The Fresh Loaf

News & Information for Amateur Bakers and Artisan Bread Enthusiasts

Doughnut disaster - please help!

lauravis's picture
lauravis

Doughnut disaster - please help!

Hi Everyone, 

I'm desperately in need of some help with my doughnut dough. I'm using a brioche type dough to make these doughnuts, and it was working fine previously, but the last few times the dough is just not frying right. It's almost like it is melting in the oil, please see pictures attached. I've tried making some boule and bullseye doughnuts. The bullseye look more like mushrooms, whereas previously they fried perfectly. Boules are just super blistery, and then kind of fall flat when they cool. Is there something that is obviously wrong here without having to go into details of the recipe & my process?..

pmccool's picture
pmccool

Different flour?  Different ambient temps (such as warmer driving faster fermentation)?  Different ingredient temps?  Something else?

Think about what things were like when the results were good.   Now think about what is different.  Look at everything.  Materials, equipment, process, people, time, environment, you name it.  Since the results have changed, that means something else has changed; maybe more than one thing. 

My shot in the dark would be a change in temperature, since we're transitioning into Summer here in the northern hemisphere.  But that's all it is—a shot in the dark.  You are the on-site observer who can do a methodical comparison of the before and after states.  

Paul

lauravis's picture
lauravis

I think there could have been a number of "small" things over time, i.e. transitioned from hand kneading to a stand mixer, so I found that I had to add more flour than called for in the recipe, as I always used to add more when hand kneading to make it manageable. But at first this transition didn't make any difference.

Changed the brand to Marriage's very strong bread flour, but I have been using very strong bread flour the last few times as well (I have at the very start worked with just strong bread flour, but no idea how that might affect it..). I weight everything, the dough is always fermenting in the same spot, they always proof covered with foil in the same oven etc. I have noticed that lately the dough is super sticky, when I try to roll it into a ball it is pretty much spreading on the surface and sticking to it excessively. A couple more pictures of disasters from this morning attached... this was meant to be a very nice ball doughnut but clearly not! :(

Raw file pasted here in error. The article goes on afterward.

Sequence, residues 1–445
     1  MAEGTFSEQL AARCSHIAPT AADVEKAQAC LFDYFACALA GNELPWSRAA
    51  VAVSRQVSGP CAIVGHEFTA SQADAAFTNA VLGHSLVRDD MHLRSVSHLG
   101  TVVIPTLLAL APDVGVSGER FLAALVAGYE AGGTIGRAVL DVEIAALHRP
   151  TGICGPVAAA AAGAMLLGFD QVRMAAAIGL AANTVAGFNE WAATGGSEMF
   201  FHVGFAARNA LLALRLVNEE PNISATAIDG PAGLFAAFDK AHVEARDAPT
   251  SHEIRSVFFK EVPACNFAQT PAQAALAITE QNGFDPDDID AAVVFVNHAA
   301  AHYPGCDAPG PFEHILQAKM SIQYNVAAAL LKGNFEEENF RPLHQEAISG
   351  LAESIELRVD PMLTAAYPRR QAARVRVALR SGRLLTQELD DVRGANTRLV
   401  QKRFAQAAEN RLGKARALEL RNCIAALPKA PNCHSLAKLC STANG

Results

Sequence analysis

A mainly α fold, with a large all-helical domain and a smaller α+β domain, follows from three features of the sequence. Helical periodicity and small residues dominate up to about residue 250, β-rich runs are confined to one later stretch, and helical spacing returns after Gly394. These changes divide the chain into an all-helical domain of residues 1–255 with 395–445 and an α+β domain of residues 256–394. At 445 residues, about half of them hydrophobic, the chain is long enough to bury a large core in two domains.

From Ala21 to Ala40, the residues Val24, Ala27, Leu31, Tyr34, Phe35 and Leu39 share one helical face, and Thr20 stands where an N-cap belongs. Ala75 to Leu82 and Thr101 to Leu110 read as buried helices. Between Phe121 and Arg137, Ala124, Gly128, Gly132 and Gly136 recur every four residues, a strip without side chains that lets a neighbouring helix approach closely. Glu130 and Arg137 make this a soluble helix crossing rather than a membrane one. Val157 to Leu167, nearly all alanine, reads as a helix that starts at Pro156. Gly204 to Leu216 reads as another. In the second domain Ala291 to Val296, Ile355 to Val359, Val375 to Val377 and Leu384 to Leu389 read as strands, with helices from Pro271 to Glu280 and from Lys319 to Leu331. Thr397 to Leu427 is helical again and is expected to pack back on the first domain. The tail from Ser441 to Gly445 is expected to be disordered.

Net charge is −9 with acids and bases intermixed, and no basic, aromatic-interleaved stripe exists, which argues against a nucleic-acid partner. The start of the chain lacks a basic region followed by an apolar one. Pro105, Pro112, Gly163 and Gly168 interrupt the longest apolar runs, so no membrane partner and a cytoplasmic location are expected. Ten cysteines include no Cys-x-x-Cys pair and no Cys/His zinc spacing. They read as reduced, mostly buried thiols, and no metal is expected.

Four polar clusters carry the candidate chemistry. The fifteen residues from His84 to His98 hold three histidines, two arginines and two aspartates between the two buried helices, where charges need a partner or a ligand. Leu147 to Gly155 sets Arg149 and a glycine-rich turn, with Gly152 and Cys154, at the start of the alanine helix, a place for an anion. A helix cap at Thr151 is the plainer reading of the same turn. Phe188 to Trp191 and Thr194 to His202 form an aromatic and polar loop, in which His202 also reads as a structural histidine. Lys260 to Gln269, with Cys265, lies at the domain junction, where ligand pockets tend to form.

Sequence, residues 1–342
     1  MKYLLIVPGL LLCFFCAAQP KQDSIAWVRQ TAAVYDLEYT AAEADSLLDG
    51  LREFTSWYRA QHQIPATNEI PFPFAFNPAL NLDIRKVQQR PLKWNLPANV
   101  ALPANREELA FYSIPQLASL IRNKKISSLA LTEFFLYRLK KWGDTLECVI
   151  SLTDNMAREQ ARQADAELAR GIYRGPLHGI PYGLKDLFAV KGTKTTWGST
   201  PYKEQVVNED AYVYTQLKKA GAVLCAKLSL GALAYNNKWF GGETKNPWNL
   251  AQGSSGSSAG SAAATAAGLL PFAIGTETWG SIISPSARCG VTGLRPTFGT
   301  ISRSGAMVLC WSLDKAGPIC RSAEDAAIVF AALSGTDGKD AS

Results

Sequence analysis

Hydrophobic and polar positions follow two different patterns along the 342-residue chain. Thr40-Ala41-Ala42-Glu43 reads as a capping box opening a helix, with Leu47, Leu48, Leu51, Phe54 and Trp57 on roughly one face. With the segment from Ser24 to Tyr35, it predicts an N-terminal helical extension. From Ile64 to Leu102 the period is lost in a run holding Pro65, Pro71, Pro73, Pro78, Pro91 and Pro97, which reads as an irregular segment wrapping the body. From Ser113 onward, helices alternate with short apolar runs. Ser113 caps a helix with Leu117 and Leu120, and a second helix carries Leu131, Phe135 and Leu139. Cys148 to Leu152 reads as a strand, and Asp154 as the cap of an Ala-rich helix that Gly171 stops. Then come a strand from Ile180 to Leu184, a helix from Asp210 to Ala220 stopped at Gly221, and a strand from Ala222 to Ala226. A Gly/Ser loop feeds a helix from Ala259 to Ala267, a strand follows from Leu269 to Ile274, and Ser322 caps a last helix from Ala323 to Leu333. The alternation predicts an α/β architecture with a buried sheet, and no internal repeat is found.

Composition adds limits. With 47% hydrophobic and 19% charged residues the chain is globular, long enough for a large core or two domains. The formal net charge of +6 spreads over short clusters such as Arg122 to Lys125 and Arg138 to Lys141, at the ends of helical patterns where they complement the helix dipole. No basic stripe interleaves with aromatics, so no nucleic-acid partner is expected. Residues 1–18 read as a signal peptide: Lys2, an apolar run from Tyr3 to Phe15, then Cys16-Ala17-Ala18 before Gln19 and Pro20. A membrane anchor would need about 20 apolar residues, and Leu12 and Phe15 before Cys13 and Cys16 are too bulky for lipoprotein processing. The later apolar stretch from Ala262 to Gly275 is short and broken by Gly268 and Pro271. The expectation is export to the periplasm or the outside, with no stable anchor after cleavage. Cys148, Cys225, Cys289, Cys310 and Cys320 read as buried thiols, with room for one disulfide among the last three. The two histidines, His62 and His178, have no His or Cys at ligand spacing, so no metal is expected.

pmccool's picture
pmccool

What are the analyses for you former flour and the Marriages flour?  Protein content would be one area of interest, as would the presence (absence) of malt or amylase.  

How does the dough behave during mixing?  Is it stronger/weaker since the flour change?  Does it feel drier/wetter for the same ingredient ratios?  Which flour produces a more elastic dough and which produces a more extensible dough?

Does fermentation proceed faster/slower with the Marriages flour than it did with your previous flour?  Are you monitoring fermentation or going entirely by the clock?  (I'm not going to give up on temperature having an influence just yet.)

It's good that you’ve already recognized that more than one change has crept in.  Start drilling into those, as with the flour-related questions above, to see if you can identify some cause and effect linkages.  You'll figure it out, I’m confident of that. 

Paul

 

lauravis's picture
lauravis

Thank you for all the tips! All these questions have been keeping me up at night to be honest, but as an amateur baker I do not know yet how to interpret it all. 

For example, the flour I switched to does have 1g more protein per 100g, but does that mean it takes longer to develop gluten and I should work it more? I've been trying to find an answer to that and no luck yet. 

pmccool's picture
pmccool

I've sent you a PM.

Paul

Meat5000's picture
Meat5000 (not verified)

Did you squash them down before frying?

lauravis's picture
lauravis

Not at all - the spreading all happened during frying 

Meat5000's picture
Meat5000 (not verified)

After the final prove, squash them in the middle so they resemble a red blood cell; not too forcefully but you can be braver than you expect.

Then pop them straight in the oil. At the correct temperature they usually cook : 20 secs one side, flip, 10 secs, out.

lauravis's picture
lauravis

So my main issue at the moment is not achieving the bullseye donuts, but how to eliminate the excessive blistering you can see on the donuts when they are frying, and the spreading of the dough when it is in the oil..

Meat5000's picture
Meat5000 (not verified)

Sounds like the dough it too wet and perhaps overproved but really, starting with a flatter shape and cooking at slightly higher temperature should solve it. If not just use a little more flour in your mix and knead up a little more gluten. Making sure to properly knock them down before shaping should eliminate larger bubbles although I get them happen plenty if I use more yeast than necessary and my dough seems very active.